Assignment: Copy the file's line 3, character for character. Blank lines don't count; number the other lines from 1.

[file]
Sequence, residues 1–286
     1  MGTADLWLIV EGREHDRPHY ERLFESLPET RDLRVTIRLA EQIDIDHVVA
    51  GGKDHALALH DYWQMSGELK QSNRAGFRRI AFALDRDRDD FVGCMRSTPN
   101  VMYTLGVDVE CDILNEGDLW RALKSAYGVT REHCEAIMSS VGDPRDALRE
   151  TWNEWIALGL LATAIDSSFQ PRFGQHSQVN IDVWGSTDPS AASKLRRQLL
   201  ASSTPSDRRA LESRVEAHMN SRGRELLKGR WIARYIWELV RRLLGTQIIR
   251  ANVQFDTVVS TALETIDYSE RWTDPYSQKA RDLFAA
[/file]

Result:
    51  GGKDHALALH DYWQMSGELK QSNRAGFRRI AFALDRDRDD FVGCMRSTPN